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Flowers in the attic












Publication Information:
New York : Pocket Books, ©1979.
Physical Description:
411 pages ; 18 cm.
Series title(s):
Chris, Cathy, and the twins are to be kept hidden until their grandfather dies so that their mother will receive a sizeable inheritance, however, years pass and terrifying things occur as the four children grow up in their one room prison.

This is the extraordinary novel that has captured millions in its spell!

All across America-- and around the world millions of readers have been captivated by this strange, dark, terrifying tole of passion and peril in the lives of four innocent children, locked away from the world by a selfish mother.

"Flowers in the Attic" is the novel that began V.C. Andrews' extraordinary career, winning her an immediate, fiercely devoted worldwide following.
Reading Level:
Young Adult.
Program Information:
Accelerated Reader Grades 9-12 6.1 22 Quiz 66890 English fiction.


Call Number
FIC ANDREWS Dollanger # 2
Andrews, V.

On Order



A major Lifetime movie event--the novel that captured the world's imagination and earned V.C. Andrews a fiercely devoted fanbase. Book One of the Dollanganger Family series.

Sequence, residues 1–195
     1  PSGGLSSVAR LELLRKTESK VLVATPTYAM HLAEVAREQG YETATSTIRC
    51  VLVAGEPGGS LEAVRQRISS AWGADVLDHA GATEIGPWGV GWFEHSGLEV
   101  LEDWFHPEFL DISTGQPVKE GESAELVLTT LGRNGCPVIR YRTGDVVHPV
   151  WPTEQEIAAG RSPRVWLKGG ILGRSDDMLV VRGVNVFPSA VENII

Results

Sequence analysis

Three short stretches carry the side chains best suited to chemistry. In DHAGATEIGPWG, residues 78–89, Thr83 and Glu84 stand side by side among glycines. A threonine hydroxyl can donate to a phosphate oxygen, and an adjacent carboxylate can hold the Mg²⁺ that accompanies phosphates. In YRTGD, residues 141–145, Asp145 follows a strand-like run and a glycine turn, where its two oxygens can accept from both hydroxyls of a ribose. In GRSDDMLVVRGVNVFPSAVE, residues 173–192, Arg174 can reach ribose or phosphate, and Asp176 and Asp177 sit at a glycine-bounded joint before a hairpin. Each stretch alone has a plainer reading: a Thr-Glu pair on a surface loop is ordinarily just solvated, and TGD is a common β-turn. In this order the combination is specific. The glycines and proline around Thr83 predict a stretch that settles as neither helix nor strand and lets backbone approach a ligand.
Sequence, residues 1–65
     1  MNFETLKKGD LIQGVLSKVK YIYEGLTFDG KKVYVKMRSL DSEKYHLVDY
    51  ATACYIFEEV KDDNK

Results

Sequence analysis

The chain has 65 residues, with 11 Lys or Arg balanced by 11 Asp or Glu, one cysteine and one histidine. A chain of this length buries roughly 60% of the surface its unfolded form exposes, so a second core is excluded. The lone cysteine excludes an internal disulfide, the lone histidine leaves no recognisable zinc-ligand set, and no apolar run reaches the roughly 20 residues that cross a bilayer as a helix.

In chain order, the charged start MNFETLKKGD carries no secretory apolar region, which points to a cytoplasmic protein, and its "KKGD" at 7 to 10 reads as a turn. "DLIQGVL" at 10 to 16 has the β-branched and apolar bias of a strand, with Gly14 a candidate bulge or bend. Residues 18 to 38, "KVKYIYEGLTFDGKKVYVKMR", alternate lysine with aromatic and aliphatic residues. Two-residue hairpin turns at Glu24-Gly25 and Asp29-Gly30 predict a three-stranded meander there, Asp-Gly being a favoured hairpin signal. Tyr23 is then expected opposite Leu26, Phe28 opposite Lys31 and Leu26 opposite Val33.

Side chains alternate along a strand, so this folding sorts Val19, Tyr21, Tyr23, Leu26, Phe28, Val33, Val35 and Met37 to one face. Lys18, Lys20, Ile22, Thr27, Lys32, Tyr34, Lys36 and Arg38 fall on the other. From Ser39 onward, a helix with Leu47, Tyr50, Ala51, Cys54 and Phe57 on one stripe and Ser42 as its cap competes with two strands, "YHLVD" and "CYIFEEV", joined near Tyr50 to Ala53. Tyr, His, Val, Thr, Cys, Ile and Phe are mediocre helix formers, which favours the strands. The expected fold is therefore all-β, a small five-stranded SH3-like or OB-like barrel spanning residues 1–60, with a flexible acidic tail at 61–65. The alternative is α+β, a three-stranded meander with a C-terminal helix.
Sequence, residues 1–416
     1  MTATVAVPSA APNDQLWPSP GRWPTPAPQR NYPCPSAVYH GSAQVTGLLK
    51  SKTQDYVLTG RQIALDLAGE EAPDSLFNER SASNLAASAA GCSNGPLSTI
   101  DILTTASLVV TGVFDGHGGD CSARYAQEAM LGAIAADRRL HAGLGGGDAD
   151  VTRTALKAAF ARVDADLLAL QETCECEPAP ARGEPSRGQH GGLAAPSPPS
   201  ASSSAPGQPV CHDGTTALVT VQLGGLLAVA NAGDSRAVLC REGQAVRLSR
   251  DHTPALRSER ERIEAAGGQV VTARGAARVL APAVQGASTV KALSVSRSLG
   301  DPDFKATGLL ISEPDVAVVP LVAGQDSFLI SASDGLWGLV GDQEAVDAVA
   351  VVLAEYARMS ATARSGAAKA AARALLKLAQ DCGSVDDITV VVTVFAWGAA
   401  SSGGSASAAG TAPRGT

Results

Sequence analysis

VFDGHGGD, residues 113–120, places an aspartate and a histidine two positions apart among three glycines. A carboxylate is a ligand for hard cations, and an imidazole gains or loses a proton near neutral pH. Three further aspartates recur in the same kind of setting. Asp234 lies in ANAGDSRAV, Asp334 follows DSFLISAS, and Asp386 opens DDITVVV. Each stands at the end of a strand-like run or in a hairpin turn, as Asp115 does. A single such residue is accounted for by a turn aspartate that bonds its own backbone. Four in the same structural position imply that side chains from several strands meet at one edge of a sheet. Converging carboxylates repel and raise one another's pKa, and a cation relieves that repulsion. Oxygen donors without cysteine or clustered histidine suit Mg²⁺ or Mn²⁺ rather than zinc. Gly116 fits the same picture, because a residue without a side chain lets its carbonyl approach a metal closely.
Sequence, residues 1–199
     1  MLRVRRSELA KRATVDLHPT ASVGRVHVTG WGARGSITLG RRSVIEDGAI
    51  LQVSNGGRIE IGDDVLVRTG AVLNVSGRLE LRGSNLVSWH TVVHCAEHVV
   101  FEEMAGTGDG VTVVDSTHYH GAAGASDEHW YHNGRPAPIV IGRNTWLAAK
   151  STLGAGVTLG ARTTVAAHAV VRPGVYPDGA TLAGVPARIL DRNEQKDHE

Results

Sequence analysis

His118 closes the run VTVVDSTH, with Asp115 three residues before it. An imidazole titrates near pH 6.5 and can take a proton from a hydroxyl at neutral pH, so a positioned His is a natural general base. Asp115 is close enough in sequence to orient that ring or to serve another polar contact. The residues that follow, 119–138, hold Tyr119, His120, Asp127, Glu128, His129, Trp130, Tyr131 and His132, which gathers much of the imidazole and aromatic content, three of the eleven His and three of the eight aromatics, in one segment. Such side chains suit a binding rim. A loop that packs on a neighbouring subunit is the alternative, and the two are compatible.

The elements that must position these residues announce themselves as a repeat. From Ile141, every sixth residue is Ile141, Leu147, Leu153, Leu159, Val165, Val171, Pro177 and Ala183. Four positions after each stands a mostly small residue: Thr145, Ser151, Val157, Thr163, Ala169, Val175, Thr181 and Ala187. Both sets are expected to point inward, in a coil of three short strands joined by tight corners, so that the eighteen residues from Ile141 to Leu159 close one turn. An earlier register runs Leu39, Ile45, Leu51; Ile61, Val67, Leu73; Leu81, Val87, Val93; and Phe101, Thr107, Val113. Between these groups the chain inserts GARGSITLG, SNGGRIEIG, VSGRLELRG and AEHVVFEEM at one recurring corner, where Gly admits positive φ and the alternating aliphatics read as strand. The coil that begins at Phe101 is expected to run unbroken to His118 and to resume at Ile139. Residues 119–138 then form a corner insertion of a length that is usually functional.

At the top of the stairs there are four secrets hidden. Blond, beautiful, innocent, and struggling to stay alive...

They were a perfect family, golden and carefree--until a heartbreaking tragedy shattered their happiness. Now, for the sake of an inheritance that will ensure their future, the children must be hidden away out of sight, as if they never existed. Kept on the top floor of their grandmother's vast mansion, their loving mother assures them it will be just for a little while. But as brutal days swell into agonizing months and years, Cathy, Chris, and twins Cory and Carrie realize their survival is at the mercy of their cruel and superstitious grandmother...and this cramped and helpless world may be the only one they ever know.

Book One of the Dollanganger series, followed by Petals in the Wind , If There be Thorns , Seeds of Yesterday , and Garden of Shadows .

Author Notes